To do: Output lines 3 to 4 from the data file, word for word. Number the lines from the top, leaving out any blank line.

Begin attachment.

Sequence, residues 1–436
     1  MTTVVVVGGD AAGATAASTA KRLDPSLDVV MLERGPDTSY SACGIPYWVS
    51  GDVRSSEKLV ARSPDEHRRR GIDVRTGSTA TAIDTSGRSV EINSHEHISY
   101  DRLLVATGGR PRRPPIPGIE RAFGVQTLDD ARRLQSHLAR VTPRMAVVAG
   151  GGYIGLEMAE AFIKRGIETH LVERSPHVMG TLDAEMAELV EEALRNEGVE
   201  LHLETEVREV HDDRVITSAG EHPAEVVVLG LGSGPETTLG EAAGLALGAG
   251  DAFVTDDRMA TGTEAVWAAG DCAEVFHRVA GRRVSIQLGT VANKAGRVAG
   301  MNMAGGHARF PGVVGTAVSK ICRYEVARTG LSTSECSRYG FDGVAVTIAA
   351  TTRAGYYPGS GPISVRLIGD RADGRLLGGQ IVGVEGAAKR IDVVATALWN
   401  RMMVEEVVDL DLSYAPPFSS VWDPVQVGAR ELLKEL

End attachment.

    51  GDVRSSEKLV ARSPDEHRRR GIDVRTGSTA TAIDTSGRSV EINSHEHISY
   101  DRLLVATGGR PRRPPIPGIE RAFGVQTLDD ARRLQSHLAR VTPRMAVVAG